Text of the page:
Still Here – A brief History of Aboriginal People in Melbourne’s West

Panel 6 – Political Movements

This is how much of the Aboriginal world today was shaped…

“It was not possible for Aboriginal people from around the Murray River to solve the problems their people faced from within their tribal or mission boundaries. Melbourne was the Euro-Australians’ social, economic and political capital of Victoria and it was where you had to go to fight for your people’s rights to be Citizens.”

“Some of the rights they were fighting for were…the right to be recognised as a people who belong to a country; the right to own a home, to own land; the right to earn a decent wage and get an education; the right to get medical and legal assistance; the right to vote; and worst of all, the right to be allowed to walk the streets which were once part of their belonging.”

“They became our collective voice which was speaking, but until then, not being heard. This was the 1930’s.”

Aboriginal people such as William Cooper, Marge Tucker and Pastor Doug Nicholls and many others began a modern Aboriginal political movement called the Australian Aborigines league.

They fought together with many other Aboriginal and Islander people for Aboriginal people’s rights.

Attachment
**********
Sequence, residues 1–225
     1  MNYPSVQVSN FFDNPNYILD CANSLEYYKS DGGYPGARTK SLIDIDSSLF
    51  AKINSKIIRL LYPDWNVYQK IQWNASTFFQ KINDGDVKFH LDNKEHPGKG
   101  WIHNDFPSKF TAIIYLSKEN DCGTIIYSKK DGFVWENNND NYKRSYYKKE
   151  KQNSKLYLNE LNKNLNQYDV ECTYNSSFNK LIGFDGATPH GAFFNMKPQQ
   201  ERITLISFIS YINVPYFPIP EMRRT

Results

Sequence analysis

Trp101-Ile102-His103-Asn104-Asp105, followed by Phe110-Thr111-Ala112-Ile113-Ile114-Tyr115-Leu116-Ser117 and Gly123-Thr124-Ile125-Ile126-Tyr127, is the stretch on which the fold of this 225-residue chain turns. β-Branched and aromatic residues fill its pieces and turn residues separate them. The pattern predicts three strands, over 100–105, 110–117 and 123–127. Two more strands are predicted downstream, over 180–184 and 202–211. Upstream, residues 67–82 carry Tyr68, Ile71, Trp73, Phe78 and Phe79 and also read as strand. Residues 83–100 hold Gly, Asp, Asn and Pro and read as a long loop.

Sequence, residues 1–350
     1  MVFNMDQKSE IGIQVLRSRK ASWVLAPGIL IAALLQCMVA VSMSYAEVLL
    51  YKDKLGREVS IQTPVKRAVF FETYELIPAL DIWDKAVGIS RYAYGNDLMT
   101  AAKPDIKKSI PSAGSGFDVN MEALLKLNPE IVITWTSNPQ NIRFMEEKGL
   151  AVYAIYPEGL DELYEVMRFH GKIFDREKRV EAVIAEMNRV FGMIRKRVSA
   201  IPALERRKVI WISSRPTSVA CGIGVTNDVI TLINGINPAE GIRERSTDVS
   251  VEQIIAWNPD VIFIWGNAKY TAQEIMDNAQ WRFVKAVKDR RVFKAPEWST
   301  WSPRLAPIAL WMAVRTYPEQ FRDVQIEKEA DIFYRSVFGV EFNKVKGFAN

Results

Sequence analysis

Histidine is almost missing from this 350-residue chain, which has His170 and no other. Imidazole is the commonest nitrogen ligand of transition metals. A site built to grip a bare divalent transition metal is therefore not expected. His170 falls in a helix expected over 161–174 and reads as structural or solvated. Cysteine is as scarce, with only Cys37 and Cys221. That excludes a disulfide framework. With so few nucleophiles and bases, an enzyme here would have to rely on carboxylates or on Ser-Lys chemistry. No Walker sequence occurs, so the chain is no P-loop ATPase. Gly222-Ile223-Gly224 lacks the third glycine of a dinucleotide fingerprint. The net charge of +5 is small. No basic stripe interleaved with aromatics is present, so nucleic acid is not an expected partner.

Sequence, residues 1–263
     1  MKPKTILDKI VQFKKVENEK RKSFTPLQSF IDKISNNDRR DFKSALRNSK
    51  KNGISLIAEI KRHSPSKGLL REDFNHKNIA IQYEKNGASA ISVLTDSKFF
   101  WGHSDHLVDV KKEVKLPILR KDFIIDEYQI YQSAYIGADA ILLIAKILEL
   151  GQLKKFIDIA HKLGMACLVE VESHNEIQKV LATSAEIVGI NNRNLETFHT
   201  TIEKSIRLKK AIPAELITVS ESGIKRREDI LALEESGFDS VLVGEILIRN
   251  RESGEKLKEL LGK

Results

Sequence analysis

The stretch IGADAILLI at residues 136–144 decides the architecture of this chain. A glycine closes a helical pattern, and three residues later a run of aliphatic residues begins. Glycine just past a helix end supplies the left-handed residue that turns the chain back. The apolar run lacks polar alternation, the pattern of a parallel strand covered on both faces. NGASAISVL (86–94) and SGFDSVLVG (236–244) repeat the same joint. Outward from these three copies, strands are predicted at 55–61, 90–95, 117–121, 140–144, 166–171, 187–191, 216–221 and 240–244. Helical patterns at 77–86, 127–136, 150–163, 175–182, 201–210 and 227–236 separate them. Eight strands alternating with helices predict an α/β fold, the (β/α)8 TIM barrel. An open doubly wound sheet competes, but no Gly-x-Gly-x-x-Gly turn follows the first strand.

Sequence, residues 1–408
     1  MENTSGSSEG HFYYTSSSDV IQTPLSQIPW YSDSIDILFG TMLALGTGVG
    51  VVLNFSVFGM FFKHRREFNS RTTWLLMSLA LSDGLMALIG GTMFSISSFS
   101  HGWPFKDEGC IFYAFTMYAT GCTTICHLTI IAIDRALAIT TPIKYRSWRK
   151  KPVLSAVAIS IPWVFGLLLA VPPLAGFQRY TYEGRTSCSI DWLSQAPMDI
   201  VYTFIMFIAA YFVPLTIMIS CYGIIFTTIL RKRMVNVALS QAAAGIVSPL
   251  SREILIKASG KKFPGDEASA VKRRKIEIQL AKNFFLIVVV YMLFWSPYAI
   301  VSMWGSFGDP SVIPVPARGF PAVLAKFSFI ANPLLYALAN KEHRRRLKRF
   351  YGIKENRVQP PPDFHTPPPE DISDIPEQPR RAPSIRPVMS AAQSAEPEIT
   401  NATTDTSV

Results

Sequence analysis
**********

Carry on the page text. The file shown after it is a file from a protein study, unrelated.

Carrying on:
“All three came originally from a Mission settlement called Cummeragunga (also spelt Cumeroogunga) which was situated in N.S.W. on the Murray River near Echuca.”

“William Cooper was born around the 1360s. This was the era of the birth of the unwritten assimilation policies and the Aboriginal Missions and Reserves Acts. Later, Marge Tucker and Doug Nicholls both grew up living in and around the same Mission Station, “Cummera” (Cummeragunga) whilst these acts were at the height of their full power.”

“William Cooper from his 20’s, would have had to carry one of those “dog tags” (the ‘Exemption from Provisions of Aborigines Protection Act and Regulations’ document). Marge Tucker was taken away from her family and was sent to what they called “a training school” which was a mission station for children (similar to an orphanage). This Mission station was to train them to be servants of the Euro-Australian. ASSIMILATI0N.”

Click the button to download: Aborigines’ Advancement League Constitution of 1941 (pdf 3.9 MB)